It rained a lot as we traveled and we arrived in Haiphong in the middle of a downpour. The train station yard was awash and people were clumped under the eaves. People slowly trickled out of the train station and yard as the rain slowed to a drizzle. I said goodbye to the Uncle.

I bought ferry tickets in the train station. There and back. They were more pricey than what the Lonely Planet said, but then the book is a few years old. Surprised, I should not be. Everyone gripes about it, even though the book itself expressly warns people that it is most likely going to be out of date. But maybe they didn't read that bit.

I walked the two kilometers to the ferry dock. I had plenty of time. Cyclos drivers were all clustered around the train station and the few food standsin the yard and every one of them seemed to offer me a ride. I just wanted to walk though after being on the train for so long.

The town was quiet, a Sunday afternoon or just no one wanting to be out in the drizzle, the streets nearly empty until I got near the dock. I found, well, I should say was waved into a cafe near the dock by a beautiful woman all in yellow.

She, her friend and their boyfriends "interrogated" me. Two could speak English- the cafe waitress and her fiancee. They stared at me unabashed until they got a little used to me. There weren't many other customers around so they had time to sit with me. The girl in yellow and her husband took after a while though.

I sat there for nearly two hours, amused at least. All the standard questions asked and answered in detail: where you from? How old are you? Do you have a girlfriend? When will you get married do you think? What do you do? How much money do you make? American economics? Do I like Vietnam, and Vietnamese? Where have I travelled? Etc.

We said warm good byes and I left for the ferry.

It was a bit daunting at first, crowded with people. I wondered if I'd have a place to sit until I realized that many were hagglers trying to get last minute sales in.

I eventually bought gum off one girl, but another became angry with me. She said that I'd told her I would buy from her, something about saying it in Halong Bay, "why don't you buy from me?" I did my best to ignore her, not knowing what she was talking about, but then she had this tag along, a little girl of about six who kept repeating "I come to fuck you, why don't you buy from me." Somebody had been cruel to teach her that, she no doubt had no idea what she was saying. My face must have been beet red, and all I could think of to do was ignore her as well.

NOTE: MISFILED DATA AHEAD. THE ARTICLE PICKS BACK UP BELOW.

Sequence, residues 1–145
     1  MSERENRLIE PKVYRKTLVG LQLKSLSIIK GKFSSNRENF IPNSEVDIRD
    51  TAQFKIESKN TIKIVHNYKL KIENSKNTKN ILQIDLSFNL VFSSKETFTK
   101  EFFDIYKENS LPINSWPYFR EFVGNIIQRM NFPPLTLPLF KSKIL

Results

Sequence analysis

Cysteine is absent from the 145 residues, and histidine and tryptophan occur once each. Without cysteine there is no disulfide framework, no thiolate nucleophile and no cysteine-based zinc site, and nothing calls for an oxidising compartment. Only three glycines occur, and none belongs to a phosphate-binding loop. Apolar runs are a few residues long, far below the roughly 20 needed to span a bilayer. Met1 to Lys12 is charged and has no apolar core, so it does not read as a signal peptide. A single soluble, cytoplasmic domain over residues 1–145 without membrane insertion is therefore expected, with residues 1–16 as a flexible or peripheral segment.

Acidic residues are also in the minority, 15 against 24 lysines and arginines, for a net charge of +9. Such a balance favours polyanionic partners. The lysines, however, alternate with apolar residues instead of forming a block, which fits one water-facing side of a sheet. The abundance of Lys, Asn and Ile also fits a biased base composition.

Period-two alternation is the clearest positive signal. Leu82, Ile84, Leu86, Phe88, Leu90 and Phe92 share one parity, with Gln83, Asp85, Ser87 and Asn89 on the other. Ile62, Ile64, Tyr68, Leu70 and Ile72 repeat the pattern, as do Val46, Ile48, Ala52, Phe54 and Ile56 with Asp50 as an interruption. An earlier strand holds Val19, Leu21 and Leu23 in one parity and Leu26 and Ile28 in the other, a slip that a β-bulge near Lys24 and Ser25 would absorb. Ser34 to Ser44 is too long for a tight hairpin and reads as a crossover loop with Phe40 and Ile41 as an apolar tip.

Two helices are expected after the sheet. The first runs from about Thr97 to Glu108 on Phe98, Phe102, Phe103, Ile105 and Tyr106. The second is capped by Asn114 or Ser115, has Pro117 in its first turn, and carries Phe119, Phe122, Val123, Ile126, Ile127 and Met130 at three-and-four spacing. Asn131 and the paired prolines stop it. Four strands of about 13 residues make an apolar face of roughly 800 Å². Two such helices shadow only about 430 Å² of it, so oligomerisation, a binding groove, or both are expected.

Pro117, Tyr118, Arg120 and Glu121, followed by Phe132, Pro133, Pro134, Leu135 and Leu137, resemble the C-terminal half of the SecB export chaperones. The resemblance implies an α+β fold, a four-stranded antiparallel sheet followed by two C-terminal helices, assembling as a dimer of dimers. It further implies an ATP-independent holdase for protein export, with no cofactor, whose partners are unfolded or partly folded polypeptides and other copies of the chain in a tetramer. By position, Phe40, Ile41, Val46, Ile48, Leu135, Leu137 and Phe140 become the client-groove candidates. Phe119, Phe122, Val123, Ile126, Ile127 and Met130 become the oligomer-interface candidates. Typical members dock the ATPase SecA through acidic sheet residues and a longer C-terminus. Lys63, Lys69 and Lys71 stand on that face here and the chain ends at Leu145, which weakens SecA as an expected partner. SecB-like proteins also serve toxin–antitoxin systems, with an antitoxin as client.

Then there was this beggar who came around, a boy of about 8 maybe, who sang with a most beautiful voice, holding two spoons together and tapping them on his leg as accompaniment . I couldn't ignore the hat that he stuck in my face so I gave him some money. The girl saw though and brought her accusations back "why don't you buy from me." This time, I tried arguing which didn't help. "I never said I would buy from you," I said. "Yes you did", she replied and then repeated many more times, "I think you crazy". She stormed off too my relief and soon all the hagglers left the boat. Maybe she has learned this is the best method to get money: bludgeon people to death with guilt. Even if it's not real.

Another bemused old man sat across from me and watched the whole process with a wee smile. He sat with his legs folded up underneath him and asked questions through a young woman who sat next to me. She was a student and knew a little English.

She asked the usual questions but was not a very good translator and didn't try to explain much of what the old man was saying. He seemed to find amusement in a great deal of things. It might of been that they thought I understood. I liked listening to the course of their conversation, watching them when they spoke, and couldn't help but laugh when they laughed, which was often.

The old man and the young woman were the most animated. They talked about me most of the time I think- how handsome I was, how long my legs were and a rehash of all the questions, maybe thinking I'd be a suitable match for the young woman judging from the one time she left something untranslated, blushed, and giggled nervously.